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The Bigfella
02-16-2007, 12:35 AM
This is an amazing tale from my State:

A German paraglider survived lightning, pounding hail, minus 40-degree temperatures and oxygen deprivation after a storm system sucked her to an altitude higher than Mount Everest.
Ewa Wisnierska, 35, passed out due to a lack of oxygen and flew unconscious for up to an hour covered in ice after reaching an altitude of 9947 metres - near the cruising height of a jumbo jet.
The champion sportswoman's survival was like "winning Lotto 10 times in a row", Australia's most experienced paraglider says.
Wisnierska says experience told her she had no chance of survival, but a doctor told her that blacking out had saved her.
"It was because that I got unsconscious because then the heart slows down all the functions - it saved my life," she told ABC radio.
Froze to death
A Chinese man who flew into the same storm near Manilla (http://maps.google.com.au/maps?f=q&hl=en&q=Mount+Borah++NSW&sll=-30.747753,150.72025&sspn=0.104451,0.159645&ie=UTF8&z=13&om=1) in northern NSW on Wednesday did not share Ms Wisnierska's luck.
He Zhongpin, 42, was found 75 kilometres away from his launch site, and most likely suffocated or froze to death after being sucked into the storm, hang gliding experts say.
Ms Wisnierska's top speed of ascent was clocked at 20 metres per second and her descent at 33 metres per second by an on-board tracking system, she told ABC radio.
She described the violence of the storm system as "amazing".
''You can't imagine the power - you feel like nothing, like a leaf from a tree going up,'' she told the ABC.
"I was shaking all the time - the last thing I remember it was dark, I could hear lightning all around me.
"I knew I was in the middle of the thunderstorm and I could not do anything.
I knew the chances to survive are almost zero
"From the theory, I knew the chances to survive are almost zero, I knew I can only have luck, I can't do anything - and I got it."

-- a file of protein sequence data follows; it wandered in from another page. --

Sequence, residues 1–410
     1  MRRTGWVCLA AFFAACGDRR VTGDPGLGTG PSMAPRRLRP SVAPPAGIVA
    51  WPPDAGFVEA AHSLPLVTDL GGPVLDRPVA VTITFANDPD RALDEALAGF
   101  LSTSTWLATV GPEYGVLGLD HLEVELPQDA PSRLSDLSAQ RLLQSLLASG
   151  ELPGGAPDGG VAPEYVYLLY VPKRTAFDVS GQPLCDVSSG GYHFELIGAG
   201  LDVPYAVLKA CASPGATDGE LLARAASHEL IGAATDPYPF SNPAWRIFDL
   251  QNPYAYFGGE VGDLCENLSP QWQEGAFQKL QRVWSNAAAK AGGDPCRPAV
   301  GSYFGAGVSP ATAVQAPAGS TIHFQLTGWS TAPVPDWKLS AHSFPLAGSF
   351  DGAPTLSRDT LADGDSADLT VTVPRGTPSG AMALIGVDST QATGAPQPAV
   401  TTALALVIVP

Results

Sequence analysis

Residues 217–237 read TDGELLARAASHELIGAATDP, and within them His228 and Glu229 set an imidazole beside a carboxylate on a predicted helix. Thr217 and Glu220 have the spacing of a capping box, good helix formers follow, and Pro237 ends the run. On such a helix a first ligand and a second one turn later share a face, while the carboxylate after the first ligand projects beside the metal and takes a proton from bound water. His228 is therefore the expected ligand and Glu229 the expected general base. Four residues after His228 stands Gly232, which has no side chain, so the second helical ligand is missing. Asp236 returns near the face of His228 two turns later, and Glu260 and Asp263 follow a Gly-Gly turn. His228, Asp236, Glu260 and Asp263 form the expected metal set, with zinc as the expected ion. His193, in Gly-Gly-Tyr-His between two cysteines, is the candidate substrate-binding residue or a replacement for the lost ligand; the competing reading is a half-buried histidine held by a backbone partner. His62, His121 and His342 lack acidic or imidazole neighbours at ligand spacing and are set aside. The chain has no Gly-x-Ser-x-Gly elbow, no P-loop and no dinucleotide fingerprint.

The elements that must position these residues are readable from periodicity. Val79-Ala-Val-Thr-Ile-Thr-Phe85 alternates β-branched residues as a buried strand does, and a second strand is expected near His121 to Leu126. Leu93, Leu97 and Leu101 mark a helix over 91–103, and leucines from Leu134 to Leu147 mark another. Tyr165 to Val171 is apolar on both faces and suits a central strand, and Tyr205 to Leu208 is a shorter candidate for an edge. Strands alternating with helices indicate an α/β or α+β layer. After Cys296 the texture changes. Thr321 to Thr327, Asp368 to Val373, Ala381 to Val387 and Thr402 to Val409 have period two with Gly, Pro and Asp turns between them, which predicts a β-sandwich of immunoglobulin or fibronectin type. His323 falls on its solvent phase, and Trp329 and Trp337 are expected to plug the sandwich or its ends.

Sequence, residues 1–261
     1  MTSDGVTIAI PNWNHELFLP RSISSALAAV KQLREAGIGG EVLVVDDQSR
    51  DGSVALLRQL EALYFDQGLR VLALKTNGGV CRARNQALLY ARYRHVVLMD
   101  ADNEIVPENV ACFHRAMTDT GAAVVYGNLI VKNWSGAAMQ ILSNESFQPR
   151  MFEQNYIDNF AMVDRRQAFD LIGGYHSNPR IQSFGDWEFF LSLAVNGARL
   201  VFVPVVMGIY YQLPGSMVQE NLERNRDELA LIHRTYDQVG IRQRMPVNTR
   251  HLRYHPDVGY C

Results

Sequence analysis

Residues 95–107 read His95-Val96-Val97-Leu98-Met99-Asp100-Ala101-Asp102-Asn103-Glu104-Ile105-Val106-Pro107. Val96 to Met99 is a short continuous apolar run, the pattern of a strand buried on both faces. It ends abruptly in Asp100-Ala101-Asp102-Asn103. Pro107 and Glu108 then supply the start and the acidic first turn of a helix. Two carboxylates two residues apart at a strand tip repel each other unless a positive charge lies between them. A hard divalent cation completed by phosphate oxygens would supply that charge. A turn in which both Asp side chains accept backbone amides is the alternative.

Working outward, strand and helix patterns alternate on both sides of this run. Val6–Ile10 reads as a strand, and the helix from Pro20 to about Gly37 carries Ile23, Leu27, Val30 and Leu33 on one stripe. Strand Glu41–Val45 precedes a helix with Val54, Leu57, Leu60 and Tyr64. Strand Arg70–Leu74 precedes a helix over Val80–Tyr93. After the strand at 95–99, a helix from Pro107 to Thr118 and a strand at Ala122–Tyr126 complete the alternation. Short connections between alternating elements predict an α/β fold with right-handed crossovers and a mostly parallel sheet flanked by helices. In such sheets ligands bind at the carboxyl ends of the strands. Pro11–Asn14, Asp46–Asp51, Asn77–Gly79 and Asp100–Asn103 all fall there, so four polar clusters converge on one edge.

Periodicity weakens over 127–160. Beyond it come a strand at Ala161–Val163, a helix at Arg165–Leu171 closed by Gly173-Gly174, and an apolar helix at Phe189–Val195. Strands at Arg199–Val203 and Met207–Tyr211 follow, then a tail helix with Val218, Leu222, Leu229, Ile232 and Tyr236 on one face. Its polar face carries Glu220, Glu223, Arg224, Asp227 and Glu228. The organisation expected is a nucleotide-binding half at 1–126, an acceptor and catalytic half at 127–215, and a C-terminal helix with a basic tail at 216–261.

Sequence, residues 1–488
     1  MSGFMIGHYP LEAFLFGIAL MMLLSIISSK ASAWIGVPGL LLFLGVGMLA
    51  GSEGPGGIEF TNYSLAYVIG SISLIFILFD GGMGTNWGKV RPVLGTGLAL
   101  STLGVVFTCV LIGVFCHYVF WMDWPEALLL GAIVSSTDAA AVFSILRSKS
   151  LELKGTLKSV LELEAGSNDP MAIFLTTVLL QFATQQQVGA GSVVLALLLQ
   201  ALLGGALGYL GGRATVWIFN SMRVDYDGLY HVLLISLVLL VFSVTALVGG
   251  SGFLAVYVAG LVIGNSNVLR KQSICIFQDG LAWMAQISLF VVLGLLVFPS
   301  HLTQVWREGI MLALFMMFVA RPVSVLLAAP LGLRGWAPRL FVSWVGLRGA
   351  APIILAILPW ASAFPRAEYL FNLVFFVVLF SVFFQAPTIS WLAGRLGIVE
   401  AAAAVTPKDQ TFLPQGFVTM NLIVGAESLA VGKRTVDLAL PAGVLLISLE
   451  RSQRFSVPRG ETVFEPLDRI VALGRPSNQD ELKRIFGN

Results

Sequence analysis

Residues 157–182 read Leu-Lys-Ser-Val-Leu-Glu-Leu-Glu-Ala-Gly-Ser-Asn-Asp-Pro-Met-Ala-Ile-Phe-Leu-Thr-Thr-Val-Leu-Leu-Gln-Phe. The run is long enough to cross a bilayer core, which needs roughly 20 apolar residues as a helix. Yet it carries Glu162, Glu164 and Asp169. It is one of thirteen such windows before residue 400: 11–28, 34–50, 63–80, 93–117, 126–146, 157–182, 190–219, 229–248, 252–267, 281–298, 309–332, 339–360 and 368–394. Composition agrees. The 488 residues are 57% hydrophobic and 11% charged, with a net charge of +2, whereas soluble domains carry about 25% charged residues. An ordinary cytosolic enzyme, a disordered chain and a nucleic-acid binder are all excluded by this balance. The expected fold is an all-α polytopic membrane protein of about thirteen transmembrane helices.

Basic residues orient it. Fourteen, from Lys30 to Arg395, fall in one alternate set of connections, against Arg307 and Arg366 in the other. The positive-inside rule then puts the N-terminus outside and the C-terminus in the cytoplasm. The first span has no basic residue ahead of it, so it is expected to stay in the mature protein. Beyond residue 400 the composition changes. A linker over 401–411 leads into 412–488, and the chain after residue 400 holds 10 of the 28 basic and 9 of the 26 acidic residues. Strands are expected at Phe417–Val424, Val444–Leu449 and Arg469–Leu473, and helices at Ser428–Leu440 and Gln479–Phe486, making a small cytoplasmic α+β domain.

Wisnierska had been training for the upcoming Paragliding World Championships when she was sucked into the violent storm.
She regained consciousness in mid-air up to an hour later.
"I wanted to fly around the clouds but I got sucked 20 metres per second up into it and started to spiral," she told smh.com.au.
"After 40 minutes or an hour, I woke up and I was 6900 metres.
"I was still flying but I realised I didn't have the brakes in my hand.
"I saw my hands and the gloves were frozen, and I didn't have the brakes, and the glider was still flying on its own.
"I was thinking I can't do anything so I only have to wait and hope that the clouds were bringing me out somewhere.
And then I woke up
"And then I woke up and was thinking I was maybe unconscious for one minute.
"I didn't know I was unconscious for so long."
Godfrey Wenness, the president of the Manilla Sky Sailors club and organiser of the upcoming Paragliding World Championship, said Wisnierska's tale of survival was mind-blowing.
"It's like winning Lotto 10 times in a row," he said, noting that the previous altitude survival record for a paraglider was 24,000 feet.
"[Wisnierska] flew underneath a storm cloud and got sucked up to 30,000 feet. She was unconscious for about half an hour. She regained consciousness at 20,000 feet and then flew down and landed safely.
"She was covered in ice. She suffered from severe frostbite. The temperature at that altitude was about minus 50 degrees. It's higher than Mount Everest."
Mr Wenness said her injuries were severe.
Her ears nearly got frozen off
"She's got bruises all over her body from the hail stones and she's recovering from frostbite to her extremities. She's got bandages over her head because her ears nearly got frozen off."
"She just remembers going up, lightning around her in the cloud and she doesn't remember anything until coming to again."
He said the size of the hail stones was up to 15 centimetres in diameter.